Research Center For Renewable Energy Set Up

RIYADH, 11 July 2007 — Saudi Arabia has set up a world-class multimillion-riyal research center for renewable energy that seeks to empower the country to continue playing the role of world energy leader for years to come.

The center, which is housed at the campus of the Dhahran-based King Fahd University of Petroleum and Minerals (KFUPM), is currently working on resource mobilization before its premier research activities kick off in a year’s time.

News about the initiative was disclosed by S.U. Rahman, interim director of the Center of Research Excellence in Renewable Energy (CoRE-RE) at KFUPM, yesterday. Rahman said that the Ministry of Higher Education has supported the initiative with a mandate to pursue research programs in the field of renewable energy. The center has already started working with the vision statement — “Empower the Kingdom to continue as the world energy leader.”

Rahman, who holds a doctorate degree from KFUPM, said that there is certainly evidence of ample interest in alternative fuels in Saudi Arabia, including the generation and use of hydrogen and solar energy as an alternative to fossil fuels.

“Moreover, it is high time to pursue intensive studies and research in the field of renewable energy as the Kingdom lags behind in this area,” said the center’s director.

The move to open this research center is also significant keeping in view the fact that Saudi Arabia continues to face long-term economic challenges that place pressures on Saudi oil revenues.

Hence, there is a need to diversify the economy and decrease reliance on oil, earnings of which make up around 90-95 percent of total Saudi export earnings, 70-80 percent of state revenues, and around 40 percent of the country’s gross domestic product (GDP).

Spelling out the features of the research center, Rahman said, “The center aspires to prepare the Kingdom for the fast approaching hydrogen and methanol economies and help harness its immense solar and wind potentials.”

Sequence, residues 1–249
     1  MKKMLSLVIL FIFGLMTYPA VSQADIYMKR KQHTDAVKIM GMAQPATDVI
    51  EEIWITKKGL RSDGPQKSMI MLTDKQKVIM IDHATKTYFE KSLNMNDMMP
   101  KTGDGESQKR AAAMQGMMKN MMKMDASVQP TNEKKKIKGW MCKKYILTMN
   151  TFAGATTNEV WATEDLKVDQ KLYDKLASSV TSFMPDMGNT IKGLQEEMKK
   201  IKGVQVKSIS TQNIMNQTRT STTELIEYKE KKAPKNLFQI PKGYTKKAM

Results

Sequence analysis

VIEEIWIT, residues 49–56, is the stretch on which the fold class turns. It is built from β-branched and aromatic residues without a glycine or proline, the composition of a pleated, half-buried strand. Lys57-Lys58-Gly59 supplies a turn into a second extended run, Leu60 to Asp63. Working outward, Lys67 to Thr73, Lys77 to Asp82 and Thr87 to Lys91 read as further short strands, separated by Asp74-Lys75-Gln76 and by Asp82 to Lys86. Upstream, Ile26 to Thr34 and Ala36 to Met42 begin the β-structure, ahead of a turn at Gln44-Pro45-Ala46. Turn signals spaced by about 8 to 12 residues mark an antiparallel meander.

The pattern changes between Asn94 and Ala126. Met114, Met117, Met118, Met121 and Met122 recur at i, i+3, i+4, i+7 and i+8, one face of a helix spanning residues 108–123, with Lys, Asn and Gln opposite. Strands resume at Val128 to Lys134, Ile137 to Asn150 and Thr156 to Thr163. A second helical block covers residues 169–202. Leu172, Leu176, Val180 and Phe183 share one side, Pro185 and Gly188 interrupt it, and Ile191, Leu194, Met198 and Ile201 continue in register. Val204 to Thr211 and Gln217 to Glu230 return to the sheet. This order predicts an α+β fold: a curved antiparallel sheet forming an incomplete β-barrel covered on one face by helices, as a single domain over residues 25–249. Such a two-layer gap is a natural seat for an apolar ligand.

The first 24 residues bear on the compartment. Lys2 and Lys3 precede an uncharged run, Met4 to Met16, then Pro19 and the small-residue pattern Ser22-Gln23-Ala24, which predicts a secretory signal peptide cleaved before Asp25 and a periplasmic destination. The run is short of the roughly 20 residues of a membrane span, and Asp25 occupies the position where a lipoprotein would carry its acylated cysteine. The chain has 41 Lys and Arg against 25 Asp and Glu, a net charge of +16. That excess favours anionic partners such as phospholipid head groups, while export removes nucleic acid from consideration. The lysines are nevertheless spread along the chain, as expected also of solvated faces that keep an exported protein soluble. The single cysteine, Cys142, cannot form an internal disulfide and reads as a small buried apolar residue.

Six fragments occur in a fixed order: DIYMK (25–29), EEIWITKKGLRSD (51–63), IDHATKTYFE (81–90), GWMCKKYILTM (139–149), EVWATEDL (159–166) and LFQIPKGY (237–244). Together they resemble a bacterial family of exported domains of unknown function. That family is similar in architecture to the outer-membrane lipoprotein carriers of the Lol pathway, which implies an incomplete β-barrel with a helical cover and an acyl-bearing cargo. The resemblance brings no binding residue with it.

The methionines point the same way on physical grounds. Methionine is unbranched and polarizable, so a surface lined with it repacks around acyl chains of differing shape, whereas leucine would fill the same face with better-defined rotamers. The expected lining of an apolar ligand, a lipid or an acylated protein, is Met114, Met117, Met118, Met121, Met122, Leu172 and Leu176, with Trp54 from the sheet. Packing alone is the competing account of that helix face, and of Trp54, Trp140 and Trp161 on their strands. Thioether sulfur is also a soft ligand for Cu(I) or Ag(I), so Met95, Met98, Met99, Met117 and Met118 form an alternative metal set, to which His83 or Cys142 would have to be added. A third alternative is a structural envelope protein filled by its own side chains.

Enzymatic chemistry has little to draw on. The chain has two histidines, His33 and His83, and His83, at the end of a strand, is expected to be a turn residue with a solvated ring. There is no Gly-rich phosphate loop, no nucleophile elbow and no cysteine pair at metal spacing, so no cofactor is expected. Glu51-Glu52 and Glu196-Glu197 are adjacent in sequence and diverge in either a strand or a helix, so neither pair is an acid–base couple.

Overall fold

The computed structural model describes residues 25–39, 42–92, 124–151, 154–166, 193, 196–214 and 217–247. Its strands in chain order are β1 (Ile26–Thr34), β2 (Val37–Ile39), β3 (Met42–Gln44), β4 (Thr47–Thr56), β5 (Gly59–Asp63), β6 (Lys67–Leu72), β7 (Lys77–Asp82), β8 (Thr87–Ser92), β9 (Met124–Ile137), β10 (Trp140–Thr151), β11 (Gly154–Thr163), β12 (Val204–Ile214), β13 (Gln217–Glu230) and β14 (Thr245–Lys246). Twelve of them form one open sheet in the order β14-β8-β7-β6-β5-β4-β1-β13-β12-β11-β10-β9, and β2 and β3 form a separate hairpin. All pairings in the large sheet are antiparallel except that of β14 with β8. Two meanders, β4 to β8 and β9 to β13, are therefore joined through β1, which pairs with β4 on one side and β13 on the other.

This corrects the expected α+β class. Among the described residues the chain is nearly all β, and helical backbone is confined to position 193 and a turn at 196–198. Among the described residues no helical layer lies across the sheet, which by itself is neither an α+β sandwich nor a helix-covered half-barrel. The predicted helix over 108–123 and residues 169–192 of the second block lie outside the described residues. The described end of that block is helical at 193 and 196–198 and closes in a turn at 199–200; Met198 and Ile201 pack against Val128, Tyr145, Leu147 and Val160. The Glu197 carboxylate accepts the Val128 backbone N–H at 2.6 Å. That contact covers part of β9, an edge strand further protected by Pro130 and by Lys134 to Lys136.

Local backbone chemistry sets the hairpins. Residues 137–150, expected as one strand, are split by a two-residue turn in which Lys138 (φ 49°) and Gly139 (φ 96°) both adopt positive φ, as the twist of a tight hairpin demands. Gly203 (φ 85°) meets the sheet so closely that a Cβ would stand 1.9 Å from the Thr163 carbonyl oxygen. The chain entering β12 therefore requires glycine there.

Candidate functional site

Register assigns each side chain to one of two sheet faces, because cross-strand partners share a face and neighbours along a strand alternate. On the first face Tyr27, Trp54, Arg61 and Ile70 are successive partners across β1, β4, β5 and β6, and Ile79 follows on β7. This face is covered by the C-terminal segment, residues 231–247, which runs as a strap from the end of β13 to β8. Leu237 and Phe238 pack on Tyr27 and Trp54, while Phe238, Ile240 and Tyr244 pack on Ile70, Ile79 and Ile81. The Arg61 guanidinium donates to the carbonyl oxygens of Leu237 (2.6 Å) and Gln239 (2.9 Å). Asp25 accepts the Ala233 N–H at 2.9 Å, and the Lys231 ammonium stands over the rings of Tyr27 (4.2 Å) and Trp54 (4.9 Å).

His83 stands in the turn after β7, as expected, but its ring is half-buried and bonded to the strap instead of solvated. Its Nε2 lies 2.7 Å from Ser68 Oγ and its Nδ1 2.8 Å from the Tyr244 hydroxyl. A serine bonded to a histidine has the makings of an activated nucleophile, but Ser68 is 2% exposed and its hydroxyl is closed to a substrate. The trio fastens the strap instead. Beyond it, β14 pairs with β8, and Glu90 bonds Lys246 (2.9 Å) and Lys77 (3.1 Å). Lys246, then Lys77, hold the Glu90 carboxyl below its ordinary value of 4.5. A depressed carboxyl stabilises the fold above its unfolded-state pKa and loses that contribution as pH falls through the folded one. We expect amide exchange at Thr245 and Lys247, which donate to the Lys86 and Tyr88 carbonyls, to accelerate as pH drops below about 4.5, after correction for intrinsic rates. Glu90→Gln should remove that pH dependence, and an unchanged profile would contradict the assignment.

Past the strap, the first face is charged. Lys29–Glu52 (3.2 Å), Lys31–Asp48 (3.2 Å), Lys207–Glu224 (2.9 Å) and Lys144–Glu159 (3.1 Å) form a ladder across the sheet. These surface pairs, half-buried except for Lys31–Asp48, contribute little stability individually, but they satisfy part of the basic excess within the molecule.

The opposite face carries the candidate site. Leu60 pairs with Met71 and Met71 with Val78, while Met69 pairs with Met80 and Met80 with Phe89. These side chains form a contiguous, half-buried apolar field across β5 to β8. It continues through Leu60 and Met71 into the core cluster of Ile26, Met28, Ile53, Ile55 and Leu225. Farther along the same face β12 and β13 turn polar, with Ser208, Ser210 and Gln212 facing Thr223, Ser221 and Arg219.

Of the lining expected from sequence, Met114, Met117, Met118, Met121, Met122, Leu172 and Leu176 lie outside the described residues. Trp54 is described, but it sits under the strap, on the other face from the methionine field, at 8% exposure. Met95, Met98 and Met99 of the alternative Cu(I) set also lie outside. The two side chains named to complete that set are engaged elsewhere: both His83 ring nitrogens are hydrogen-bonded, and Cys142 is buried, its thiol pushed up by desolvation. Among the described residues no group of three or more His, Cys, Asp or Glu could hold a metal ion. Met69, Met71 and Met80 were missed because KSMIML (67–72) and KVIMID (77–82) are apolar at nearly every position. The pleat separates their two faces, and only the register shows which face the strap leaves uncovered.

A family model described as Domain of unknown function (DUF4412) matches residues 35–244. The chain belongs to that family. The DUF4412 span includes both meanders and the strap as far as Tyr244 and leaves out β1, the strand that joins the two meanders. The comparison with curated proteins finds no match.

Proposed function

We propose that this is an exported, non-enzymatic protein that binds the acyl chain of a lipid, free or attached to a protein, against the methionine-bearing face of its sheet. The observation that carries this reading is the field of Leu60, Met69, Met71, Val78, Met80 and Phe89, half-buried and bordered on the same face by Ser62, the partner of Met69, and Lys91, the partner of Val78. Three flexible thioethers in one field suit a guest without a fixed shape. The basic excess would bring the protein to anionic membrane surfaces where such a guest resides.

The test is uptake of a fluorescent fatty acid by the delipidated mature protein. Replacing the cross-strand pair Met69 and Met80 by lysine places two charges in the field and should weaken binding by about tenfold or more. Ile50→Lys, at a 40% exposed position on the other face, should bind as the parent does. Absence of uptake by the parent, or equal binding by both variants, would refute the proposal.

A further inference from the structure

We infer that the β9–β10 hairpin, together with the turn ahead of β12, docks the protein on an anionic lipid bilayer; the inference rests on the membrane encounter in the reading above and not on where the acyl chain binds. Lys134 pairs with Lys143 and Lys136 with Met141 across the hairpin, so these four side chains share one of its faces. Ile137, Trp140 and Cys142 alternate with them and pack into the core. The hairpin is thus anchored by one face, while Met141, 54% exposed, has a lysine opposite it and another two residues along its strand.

The center has set up different branches for research on hydrogen, methanol and fuel cell; solar and wind energy; advanced energy storage systems; electrical infrastructure and control systems; and economics of renewable energy.

“The center aims to conduct research and development activities…, facilitate technology transfer, help the advancement and dissemination of knowledge, provide training, create awareness of renewable energy, strengthen graduate research and help nucleate industries at national and international levels,” said Rahman, adding that the ministry is currently supporting the center for five years. The center, however, expects government and industry support for coming years.

Referring to the importance of such a research facility like CoRE-RE, Rahman said, “Renewable energy is going to play an important role in future energy markets and it is very opportune that the Kingdom has taken initiative to pursue active research in this area… There is an urgent need to coordinate efforts in this field.”

On the energy front, Saudi Arabia is the largest producer and exporter at the moment. The Kingdom contains 261.9 billion barrels of proven oil reserves including 2.5 billion barrels in the Saudi-Kuwaiti divided “neutral” zone. Around two-thirds of Saudi reserves are considered “light” or “extra light” grades of oil, with the rest either “medium” or “heavy.” The Kingdom also has around 80 oil and gas fields besides more than 1,000 oil wells.

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